Yes Sir: Andy Murray confident he can break Aussie drought
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MELBOURNE, Australia — Andy Murray has become a father, gained the No. 1 ranking and received a knighthood since he left Melbourne Park 50 weeks ago after losing a fifth Australian Open final.
Stress weighed him down at the season-opening Grand Slam in 2016, to the point where he thought about quitting the tournament to head back to Britain to be with his heavily pregnant wife. But even that would have presented problems, considering his father-in-law was in a Melbourne hospital after collapsing with an illness while watching a match at the Australian Open.
Clearly, he's in a better place this year as he seeks to end his Australian drought.
"I obviously feel pretty confident after the way that last season finished," he said. "I do love it here. I love the conditions. I have played really well here over the years, and just haven't managed to get over the final hurdle.
"But, yeah, I think I'm in a decent position, for sure, to do it. I think I have a chance to win here. I'm playing well. Practice has been good. I feel healthy. I'll give it a good shot."
He confirmed Saturday, two days before he opens the 2017 tournament against Illya Marchenko of Ukraine, that he really had thought about leaving early.
"It was a tough tournament, obviously the situation with Kim and the baby coming was tough," he said. "Then with what happened with Nigel during the event made it really kind of awkward because there was times ... it was like 'I want to home for the birth,' but then I'm not just going to leave while my father-in-law is also in hospital.
"It was tough, and certainly not a position I would want to put myself in again, or my wife, or any of my family really."
Murray had a stunning end to 2016 after reuniting with Ivan Lendl as coach in June, winning his second Wimbledon title, defending his Olympic gold medal, and adding titles in Beijing, Shanghai, Vienna and Paris to end Djokovic's 122-week stint at No. 1.
He then clinched the year-end No. 1 ranking by winning the ATP Finals, beating the players seeded second, third, fourth and fifth.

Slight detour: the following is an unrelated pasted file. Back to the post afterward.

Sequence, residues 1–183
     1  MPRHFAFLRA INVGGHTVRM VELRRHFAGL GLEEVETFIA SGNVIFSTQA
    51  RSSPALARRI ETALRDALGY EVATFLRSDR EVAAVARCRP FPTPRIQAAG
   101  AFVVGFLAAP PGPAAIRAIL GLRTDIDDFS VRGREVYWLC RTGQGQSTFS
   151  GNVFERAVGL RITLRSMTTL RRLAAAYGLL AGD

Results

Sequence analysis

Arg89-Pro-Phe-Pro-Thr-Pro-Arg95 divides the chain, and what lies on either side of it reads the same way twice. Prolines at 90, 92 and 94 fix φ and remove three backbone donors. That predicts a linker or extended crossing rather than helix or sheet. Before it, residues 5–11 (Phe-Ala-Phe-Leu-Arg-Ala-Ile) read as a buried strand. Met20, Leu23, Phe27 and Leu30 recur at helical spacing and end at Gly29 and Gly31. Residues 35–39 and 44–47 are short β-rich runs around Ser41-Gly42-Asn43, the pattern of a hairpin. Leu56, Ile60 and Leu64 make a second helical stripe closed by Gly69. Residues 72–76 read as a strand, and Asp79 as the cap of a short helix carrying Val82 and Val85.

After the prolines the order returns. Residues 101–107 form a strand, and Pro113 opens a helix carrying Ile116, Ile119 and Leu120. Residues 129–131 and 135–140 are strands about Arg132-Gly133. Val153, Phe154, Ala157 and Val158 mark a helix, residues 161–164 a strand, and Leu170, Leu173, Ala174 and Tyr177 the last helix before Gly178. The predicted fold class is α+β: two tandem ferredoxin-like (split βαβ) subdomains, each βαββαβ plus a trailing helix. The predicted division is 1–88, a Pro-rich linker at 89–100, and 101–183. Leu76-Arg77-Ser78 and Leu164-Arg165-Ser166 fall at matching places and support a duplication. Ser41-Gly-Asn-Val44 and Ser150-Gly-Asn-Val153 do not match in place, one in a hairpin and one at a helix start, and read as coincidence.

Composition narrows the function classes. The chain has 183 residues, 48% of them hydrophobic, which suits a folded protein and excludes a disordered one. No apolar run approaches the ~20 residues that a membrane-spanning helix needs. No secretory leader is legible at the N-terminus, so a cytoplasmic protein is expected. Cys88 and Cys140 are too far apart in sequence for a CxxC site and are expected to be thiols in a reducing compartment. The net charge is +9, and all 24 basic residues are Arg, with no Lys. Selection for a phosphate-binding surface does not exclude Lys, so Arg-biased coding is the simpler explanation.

He set a record for most time between gaining the No. 2 and No. 1 rankings — seven years, and 82 days. But he has set a lot of timely records for British tennis in the last three seasons and, in Queen Elizabeth II's New Year's
Roger Federer was asked if he could remember what it was like back in 2004 when he first became No. 1, and how he'd explain it to Murray.
"It definitely feels different because everybody comes up to you and says, 'You're the best,'" said Federer, who spent a record 302 weeks at No. 1. "You start walking around a bit differently. Just feel more confident overall in your shots."
Murray said he hasn't really felt a difference yet, but it has only been eight weeks. Considering how hard it was to achieve the top spot, he's hoping it doesn't take twice the energy to hang on to it.
"It is a mindset thing, because I think it could be quite easy that once you get to No. 1 that you think, 'Well, actually, I just need to keep doing what I've been doing,'" he said. "The reality is that things obviously keep moving on, the game will get better, I'll obviously get older, the young guys will continue to improve, and also Novak and Roger and Stan (Wawrinka) and Rafa (Nadal) and all the guys at the top are still going to be wanting to get there.
"I need to continue to improve. I for sure need to keep working hard."
One thing he doesn't really want to change is how people refer to him now that formally he's recognized as Sir Andy Murray, particularly the broadcasters.
"I'm more than happy just being Andy. That's enough for me," he said. "Yeah, if they call me Andy, I'd be happy with that."